Tequila Sunrise? Or Floreana Sunrise?

Island Conservation’s Legal and Administrative Specialist Carolina Torres Trueba shares a powerful experience on Floreana Island and explains why she has great hope for the future of the Galápagos.

Timelapse, Floreana at sunrise by Carolina Torres Trueba

Imagine yourself, at the break of dawn, sitting at the highest point of one of the most remote inhabited islands in the world and of the Galápagos Archipelago. Very few people will have in their lifetime the opportunity to see and feel nature as alive as I did one day while sitting on the edge of Mount Allieri.

It was on that morning that I saw one of the most enlightening dawns of my life. The lovely red, orange and yellow tones and the relaxing setting may conjure thoughts of a Tequila Sunrise. But this sunrise was so much more than beautiful strokes of bright colors. It was special, because it was brought together with my hopes of working for the conservation of the Galápagos islands, and especially Floreana Island and its people; this hope was present in each and every cell of my body.

I work in the Galápagos to support ecosystem restoration and prevent extinction. Floreana and its residents have welcomed me with affection and have changed the way I see the world. On this island and primarily in its community, you can vividly feel the basic values that have been lost in the great cities of the world and that have gradually denatured the essence of the human being.

On this island and primarily in its community, you can vividly feel the basic values that have been lost in the great cities of the world.


María José Pilataxi with her son Maykol Mora Pilataxi at Floreana’s highlands. Island Conservation highlands

Perhaps the connection that the people living on the island have with nature, the remote geography, the enchanting landscapes, the unique animals that inhabit it, or their simple life and tireless work has made this community of about 140 people, to me, one of the last places in the world where you can still feel human. Values such as solidarity, strength, and temperance permeate the daily life of the community.

floreana island conservation community

The decisions in the island are agreed by consensus of the Floreana’s community. Island Conservation archive

Solidarity is one of the characteristics that permeates the daily life of Floreana. There is always someone reaching out to give you an orange–by the way, the most delicious I have ever tasted–in the overwhelming heat.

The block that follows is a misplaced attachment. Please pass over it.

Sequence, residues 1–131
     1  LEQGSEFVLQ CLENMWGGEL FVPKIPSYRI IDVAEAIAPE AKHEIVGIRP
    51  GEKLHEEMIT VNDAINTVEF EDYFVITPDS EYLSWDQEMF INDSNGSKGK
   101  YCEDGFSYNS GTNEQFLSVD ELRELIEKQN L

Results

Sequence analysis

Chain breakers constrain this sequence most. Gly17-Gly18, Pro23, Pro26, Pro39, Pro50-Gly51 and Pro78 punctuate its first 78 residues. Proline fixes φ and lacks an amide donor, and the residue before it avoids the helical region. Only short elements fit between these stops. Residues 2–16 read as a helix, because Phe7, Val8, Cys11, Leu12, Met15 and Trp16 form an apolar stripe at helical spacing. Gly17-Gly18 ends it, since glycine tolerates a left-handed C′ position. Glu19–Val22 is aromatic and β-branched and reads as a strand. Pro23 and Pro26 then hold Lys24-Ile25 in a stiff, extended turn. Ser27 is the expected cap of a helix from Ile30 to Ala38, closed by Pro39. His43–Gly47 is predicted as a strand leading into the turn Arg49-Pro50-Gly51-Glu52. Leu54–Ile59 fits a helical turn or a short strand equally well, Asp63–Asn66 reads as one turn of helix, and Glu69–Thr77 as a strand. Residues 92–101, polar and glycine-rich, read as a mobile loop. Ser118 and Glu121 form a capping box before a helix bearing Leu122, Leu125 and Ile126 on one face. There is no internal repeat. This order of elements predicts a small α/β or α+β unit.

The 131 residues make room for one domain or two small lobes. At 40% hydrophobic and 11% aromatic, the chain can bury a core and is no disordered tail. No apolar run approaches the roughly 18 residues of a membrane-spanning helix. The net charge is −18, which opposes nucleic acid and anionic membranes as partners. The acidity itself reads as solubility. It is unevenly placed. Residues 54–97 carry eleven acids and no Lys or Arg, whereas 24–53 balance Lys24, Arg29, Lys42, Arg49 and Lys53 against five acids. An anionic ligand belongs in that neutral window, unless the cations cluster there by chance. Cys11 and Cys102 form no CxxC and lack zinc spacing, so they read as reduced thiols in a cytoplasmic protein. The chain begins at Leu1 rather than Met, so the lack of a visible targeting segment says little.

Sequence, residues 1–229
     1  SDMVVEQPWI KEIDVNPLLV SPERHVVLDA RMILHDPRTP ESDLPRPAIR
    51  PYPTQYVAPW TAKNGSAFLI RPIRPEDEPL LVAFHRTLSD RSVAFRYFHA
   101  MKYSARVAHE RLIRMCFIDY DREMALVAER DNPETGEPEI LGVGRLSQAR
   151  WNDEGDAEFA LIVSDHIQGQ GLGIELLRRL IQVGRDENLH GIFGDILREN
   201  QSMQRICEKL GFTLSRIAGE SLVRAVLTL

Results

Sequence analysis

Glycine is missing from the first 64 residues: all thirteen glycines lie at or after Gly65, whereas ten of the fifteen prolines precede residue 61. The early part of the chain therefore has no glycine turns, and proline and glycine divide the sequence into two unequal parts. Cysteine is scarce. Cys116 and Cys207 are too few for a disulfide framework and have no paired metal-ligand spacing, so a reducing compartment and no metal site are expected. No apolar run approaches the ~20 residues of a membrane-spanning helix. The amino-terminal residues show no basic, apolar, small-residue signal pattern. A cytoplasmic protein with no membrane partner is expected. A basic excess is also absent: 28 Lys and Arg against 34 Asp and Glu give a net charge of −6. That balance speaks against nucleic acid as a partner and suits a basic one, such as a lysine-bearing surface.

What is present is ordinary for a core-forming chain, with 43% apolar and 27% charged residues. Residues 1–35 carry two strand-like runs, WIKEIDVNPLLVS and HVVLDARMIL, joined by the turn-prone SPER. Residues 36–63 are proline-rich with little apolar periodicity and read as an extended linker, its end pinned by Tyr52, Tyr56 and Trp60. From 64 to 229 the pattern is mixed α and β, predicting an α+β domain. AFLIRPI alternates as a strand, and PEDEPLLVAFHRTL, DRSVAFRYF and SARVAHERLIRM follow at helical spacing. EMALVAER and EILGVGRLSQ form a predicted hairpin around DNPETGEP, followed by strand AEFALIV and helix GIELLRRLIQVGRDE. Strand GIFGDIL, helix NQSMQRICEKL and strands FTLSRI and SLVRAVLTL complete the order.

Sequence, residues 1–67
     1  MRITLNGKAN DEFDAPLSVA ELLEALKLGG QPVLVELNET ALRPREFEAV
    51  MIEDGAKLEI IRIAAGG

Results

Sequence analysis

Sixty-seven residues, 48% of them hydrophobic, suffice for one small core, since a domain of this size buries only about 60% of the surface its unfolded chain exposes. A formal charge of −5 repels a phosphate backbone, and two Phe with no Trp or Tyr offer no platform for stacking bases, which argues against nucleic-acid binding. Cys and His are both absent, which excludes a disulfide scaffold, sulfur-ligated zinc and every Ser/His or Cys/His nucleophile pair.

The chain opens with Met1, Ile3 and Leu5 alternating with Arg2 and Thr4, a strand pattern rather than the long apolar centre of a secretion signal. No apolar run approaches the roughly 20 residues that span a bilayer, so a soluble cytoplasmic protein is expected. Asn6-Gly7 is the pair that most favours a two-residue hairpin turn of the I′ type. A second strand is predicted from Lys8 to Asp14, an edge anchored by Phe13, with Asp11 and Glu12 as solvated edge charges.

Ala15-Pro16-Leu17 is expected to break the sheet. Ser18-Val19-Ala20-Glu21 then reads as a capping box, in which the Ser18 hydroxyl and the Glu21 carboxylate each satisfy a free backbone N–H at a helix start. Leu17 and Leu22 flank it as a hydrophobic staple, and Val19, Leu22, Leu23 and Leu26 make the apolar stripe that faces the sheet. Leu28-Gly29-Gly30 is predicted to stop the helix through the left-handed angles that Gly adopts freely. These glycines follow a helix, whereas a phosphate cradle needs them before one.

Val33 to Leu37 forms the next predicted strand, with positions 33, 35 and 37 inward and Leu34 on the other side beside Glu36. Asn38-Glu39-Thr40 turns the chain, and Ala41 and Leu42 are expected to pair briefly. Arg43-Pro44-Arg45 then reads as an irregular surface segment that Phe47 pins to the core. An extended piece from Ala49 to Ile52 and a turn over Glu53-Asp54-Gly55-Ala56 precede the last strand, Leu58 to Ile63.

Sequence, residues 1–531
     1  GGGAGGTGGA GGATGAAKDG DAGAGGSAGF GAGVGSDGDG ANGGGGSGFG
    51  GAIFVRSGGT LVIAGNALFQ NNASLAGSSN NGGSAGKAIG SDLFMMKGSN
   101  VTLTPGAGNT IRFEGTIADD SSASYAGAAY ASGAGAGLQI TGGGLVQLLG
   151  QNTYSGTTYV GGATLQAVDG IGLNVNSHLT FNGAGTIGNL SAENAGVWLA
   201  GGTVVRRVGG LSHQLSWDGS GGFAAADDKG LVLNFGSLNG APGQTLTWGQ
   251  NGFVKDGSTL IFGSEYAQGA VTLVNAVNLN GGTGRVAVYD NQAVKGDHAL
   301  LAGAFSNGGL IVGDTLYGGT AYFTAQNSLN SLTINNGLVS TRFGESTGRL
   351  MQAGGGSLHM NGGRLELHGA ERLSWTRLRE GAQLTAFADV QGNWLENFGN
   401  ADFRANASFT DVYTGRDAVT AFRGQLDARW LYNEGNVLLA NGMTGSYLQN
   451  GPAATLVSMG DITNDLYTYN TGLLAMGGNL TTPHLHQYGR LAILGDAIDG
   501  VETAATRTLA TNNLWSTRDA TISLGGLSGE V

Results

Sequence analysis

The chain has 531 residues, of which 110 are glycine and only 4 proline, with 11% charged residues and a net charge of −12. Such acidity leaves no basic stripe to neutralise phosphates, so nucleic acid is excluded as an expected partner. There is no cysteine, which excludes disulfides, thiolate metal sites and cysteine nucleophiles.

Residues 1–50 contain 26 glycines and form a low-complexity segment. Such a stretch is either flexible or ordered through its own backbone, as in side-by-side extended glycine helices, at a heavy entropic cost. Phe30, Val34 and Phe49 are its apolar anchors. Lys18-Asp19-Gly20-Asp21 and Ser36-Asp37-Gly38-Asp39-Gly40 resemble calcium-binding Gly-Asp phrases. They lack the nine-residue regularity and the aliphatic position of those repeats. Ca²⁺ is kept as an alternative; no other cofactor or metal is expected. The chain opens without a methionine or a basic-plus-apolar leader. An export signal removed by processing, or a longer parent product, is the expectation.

Island conservation preventing extinctions galapagos ecuador floreana carolina torres trueba

Floreana’s farmers harvesting oranges. Credit: Carolina Torres Trueba

The people who live on Floreana bring deep meaning to the work we do on the island. Though our project has a clear environmental focus, being an ecological restoration project to remove invasive species–rodents and feral cats–and to subsequently reintroduce locally extinct species, the human well-being element is strong. Invasive species not only alter the native ecosystem, but also feast on crops. Biodiversity and economy are both at risk on Floreana because of invasive species.

The people who live on Floreana bring deep meaning to the work we do on the island.


Marine Iguanas. Credit: Diego Bermeo, Local Galápagos photographer

The project to restore the island gives us hope that the people of Floreana will have a better future. We hope that the community will be able to thrive on an island free of introduced predators, and that Floreana can prove its resiliency and regain the strength it needs to provide future generations of the Galápagos and of the world.

This is why after my days of work in Floreana, I can definitely say that I prefer a “Floreana Sunrise” to a “Tequila Sunrise” to celebrate this story of hope for humanity.


Floreana harbor at sunset. Credit: Carolina Torres Trueba


Featured photo: Credit: Carolina Torres/Island Conservation

About Carolina Torres

Carolina Torres Trueba is an attorney at law, with a minor in litigant, financial and corporate law, from Universidad de los Hemisferios. She has over eight years experience managing cases that link administrative law with environmental law. She is a member of the Assembly of the Ecuadorian Center for Environmental Law (CEDA) and the International Trans-disciplinary Academy of Environment (ATINA). In the conservation field, she has been the lead attorney of the Galápagos National Park Directorate (GNPD). During her period at the GNPD, she managed environmental issues regarding vessel wrecks on San Cristobal Island as well as environmental cases in the Galápagos.

View All Posts
Share our mission!

Please consider sharing our website with your friends!